Russia has reset its relationship with the US and the EU while consolidating its partnership with China. In order to secure its national interests, Moscow must manage a tricky balancing act between the West and the East.
President Medvedev's foreign policy seeks good relations with the West and China
Flush with cash from booming oil and gas exports, Moscow unilaterally pursued Russian national interests during Vladimir Putin's tenure as president. In the process, Russia's relationship with the West deteriorated to a historic low point.
But then the economic crisis hit. Energy prices collapsed and Russia's rapid growth ground to a halt.
After Dmitry Medvedev assumed the presidency in 2008, Moscow sought to jumpstart the slumping Russian economy through so-called "modernization alliances" with the US and the EU. Yet at the same time, the oil-rich country began consolidating its "strategic partnership" with an oil-hungry China. Russia wanted to pursue its national interests in economic modernization and growth and knew that it needed both the West and China in these endeavors.
Moscow's relationship with the West has a long history of ambivalence. Culturally tied to Europe, yet also influenced by Asia, Russia sits awkwardly between two worlds.
Russia's relationship with the West deteriorated as NATO expanded eastward
"The Russians do see themselves more as a part of western civilization," Andrew Kuchins, director of the Russia and Eurasia Program at the Center for Strategic and International Studies, told Deutsche Welle. "They are Eurasian, a power bordering Europe as well as the Pacific Ocean. But the bulk of the population is in European Russia."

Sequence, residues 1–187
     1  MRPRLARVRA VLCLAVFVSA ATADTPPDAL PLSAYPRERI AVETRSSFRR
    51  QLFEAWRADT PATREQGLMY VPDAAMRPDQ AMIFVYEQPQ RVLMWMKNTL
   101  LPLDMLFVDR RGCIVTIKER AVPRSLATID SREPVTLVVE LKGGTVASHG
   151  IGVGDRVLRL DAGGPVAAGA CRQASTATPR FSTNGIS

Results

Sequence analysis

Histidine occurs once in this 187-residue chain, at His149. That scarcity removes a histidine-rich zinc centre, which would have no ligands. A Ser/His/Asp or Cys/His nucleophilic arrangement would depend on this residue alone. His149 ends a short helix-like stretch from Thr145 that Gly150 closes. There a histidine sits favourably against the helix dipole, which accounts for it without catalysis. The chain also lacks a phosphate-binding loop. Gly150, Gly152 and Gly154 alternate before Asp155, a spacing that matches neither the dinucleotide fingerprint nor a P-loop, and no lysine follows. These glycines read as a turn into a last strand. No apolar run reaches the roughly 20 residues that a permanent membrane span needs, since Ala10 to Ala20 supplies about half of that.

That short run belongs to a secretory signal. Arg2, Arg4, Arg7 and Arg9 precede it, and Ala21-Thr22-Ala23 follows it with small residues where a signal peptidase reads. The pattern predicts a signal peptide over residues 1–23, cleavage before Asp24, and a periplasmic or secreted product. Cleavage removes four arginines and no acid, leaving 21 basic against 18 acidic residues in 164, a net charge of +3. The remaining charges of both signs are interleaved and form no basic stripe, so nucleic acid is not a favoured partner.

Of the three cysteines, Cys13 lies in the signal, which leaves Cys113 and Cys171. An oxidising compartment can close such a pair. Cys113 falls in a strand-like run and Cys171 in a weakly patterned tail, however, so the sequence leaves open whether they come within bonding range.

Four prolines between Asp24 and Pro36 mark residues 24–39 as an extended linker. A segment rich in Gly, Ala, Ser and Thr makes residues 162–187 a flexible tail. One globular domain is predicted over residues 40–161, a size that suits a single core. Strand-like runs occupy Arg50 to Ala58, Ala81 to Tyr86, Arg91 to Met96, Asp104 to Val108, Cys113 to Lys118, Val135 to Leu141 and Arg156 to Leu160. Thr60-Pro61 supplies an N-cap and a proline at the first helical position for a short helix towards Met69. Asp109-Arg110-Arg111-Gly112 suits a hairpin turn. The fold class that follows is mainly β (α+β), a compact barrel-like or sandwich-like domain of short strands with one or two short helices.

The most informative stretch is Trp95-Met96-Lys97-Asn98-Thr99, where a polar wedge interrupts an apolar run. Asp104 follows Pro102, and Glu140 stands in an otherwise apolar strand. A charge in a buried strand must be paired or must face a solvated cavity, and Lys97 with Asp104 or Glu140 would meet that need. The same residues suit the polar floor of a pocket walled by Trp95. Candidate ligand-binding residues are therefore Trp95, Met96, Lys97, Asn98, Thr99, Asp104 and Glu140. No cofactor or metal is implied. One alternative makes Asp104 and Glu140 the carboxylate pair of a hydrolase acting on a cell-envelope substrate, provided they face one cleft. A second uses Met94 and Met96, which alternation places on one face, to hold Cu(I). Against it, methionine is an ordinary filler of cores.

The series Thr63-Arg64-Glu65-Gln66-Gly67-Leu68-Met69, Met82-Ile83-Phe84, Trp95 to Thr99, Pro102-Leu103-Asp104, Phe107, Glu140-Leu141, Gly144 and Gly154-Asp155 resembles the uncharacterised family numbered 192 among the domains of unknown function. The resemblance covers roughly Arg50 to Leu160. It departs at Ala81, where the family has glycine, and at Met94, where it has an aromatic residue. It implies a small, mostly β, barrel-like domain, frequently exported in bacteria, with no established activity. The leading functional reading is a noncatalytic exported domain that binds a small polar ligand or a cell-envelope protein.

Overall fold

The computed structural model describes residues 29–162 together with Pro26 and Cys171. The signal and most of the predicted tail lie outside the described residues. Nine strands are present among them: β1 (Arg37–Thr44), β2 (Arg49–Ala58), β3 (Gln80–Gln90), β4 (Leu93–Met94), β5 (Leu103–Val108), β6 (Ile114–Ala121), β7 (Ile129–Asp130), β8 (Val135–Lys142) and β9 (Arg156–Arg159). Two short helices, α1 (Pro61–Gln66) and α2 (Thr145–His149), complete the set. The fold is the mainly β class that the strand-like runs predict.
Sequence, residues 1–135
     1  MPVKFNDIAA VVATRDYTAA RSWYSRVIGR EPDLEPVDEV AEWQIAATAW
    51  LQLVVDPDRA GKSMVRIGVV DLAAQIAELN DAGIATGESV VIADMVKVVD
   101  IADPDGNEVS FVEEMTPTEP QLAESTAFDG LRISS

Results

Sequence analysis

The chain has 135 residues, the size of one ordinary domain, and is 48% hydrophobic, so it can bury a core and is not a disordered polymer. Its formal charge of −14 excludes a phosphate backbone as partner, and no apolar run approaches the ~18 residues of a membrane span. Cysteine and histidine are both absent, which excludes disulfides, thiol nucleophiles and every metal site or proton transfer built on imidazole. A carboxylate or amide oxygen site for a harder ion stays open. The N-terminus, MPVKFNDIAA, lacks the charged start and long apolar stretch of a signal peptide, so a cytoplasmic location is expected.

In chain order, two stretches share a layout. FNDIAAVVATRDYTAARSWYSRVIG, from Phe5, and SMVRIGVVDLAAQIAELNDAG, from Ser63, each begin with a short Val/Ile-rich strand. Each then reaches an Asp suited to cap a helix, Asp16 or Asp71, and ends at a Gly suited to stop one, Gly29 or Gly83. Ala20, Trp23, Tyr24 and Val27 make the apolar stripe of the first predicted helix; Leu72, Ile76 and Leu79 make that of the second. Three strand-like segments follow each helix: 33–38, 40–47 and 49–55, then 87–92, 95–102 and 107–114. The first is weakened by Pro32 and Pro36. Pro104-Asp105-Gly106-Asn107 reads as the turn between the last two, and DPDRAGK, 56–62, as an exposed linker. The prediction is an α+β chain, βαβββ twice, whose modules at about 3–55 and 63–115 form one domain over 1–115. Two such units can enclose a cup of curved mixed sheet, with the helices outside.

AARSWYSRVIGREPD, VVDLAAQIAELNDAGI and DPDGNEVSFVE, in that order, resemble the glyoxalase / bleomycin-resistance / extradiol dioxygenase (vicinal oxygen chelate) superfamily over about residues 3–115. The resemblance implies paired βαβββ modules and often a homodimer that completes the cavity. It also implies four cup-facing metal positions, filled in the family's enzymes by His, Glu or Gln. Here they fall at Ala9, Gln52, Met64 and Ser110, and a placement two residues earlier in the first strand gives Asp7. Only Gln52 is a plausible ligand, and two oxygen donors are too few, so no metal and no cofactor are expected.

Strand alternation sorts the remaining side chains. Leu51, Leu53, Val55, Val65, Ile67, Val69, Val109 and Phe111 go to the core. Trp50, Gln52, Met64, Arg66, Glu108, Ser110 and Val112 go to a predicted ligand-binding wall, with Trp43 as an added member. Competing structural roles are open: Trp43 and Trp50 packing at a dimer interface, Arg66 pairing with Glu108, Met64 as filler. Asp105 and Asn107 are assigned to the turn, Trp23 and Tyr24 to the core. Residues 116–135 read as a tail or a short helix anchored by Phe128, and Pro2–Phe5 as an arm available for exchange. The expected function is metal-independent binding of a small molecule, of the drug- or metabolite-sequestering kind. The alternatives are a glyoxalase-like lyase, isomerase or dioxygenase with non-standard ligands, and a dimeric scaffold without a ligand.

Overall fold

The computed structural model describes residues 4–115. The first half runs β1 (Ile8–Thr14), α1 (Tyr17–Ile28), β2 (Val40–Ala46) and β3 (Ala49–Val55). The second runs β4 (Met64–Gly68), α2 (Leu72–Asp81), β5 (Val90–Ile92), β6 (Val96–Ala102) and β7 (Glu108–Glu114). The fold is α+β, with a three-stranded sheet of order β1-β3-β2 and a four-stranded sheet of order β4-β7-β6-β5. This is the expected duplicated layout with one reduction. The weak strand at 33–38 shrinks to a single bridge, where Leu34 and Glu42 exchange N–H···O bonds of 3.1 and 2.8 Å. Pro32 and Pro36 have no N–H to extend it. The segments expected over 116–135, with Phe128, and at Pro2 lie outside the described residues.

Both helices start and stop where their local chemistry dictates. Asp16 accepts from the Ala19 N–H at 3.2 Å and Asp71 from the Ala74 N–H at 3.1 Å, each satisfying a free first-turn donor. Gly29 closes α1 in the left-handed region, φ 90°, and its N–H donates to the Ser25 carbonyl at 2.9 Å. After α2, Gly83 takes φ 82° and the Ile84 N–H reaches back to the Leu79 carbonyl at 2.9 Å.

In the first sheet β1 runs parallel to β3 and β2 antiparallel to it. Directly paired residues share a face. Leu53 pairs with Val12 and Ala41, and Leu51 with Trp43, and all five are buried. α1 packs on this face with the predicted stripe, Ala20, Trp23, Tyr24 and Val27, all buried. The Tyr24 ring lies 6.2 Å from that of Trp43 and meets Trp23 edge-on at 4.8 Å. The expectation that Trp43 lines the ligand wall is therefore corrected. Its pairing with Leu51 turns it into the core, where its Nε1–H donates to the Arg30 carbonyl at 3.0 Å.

With the collapse of the Soviet Union, Moscow seemed to have taken a step toward definitively joining the West. President Boris Yeltsin implemented a series of radical reforms designed to put Russia's political and economic system in synch with its former Cold War enemies.
But as the European Union and NATO rapidly expanded into the former Eastern Bloc, Moscow felt marginalized in its own "near abroad." Then Vladimir Putin came to power. Buoyed by surging oil and gas exports, Putin sought to stabilize Russia domestically and reassert its influence in the former Soviet states.
The developments put the West and Russia on a collision course. In the summer of 2008, they finally collided in the South Caucasus. Russia fought a lightening-quick war against Georgia, a former Soviet republic that has increasingly looked westward. In response to the conflict, NATO severed cooperation with Moscow. But according to Dmitri Trenin, director of the Carnegie Moscow Center, the West also played a key role in the dispute.
"It takes everyone who's involved to organize a better framework for relations," Trenin told Deutsche Welle. "The western policy that included some countries into western institutions and left others such as Russia, but also Georgia and Ukraine beyond the perimeter was very risky. That policy is responsible for the Russian-Georgian War."
Pushing the reset button
Power changed hands in Moscow and Washington in quick succession, bringing new leaders and a new outlook on Russia's relationship with the West. US President Barack Obama and Medvedev saw an opportunity to focus on cooperation instead of confrontation.
The US and Russia are now cooperating on common interests
"President Medvedev knows that the modernization of the economy and Russian society cannot be executed without cooperation with the West," Alexander Rahr, director of the Russia and Eurasia program at the German Council on Foreign Relations, told Deutsche Welle.
He said US President Obama didn't want to pursue a policy of containment against Russia.
"He needs Russia in the fight against international terrorism in Afghanistan and Iraq, and he needs Russian support to stop Iran's nuclear weapons program," Rahr said.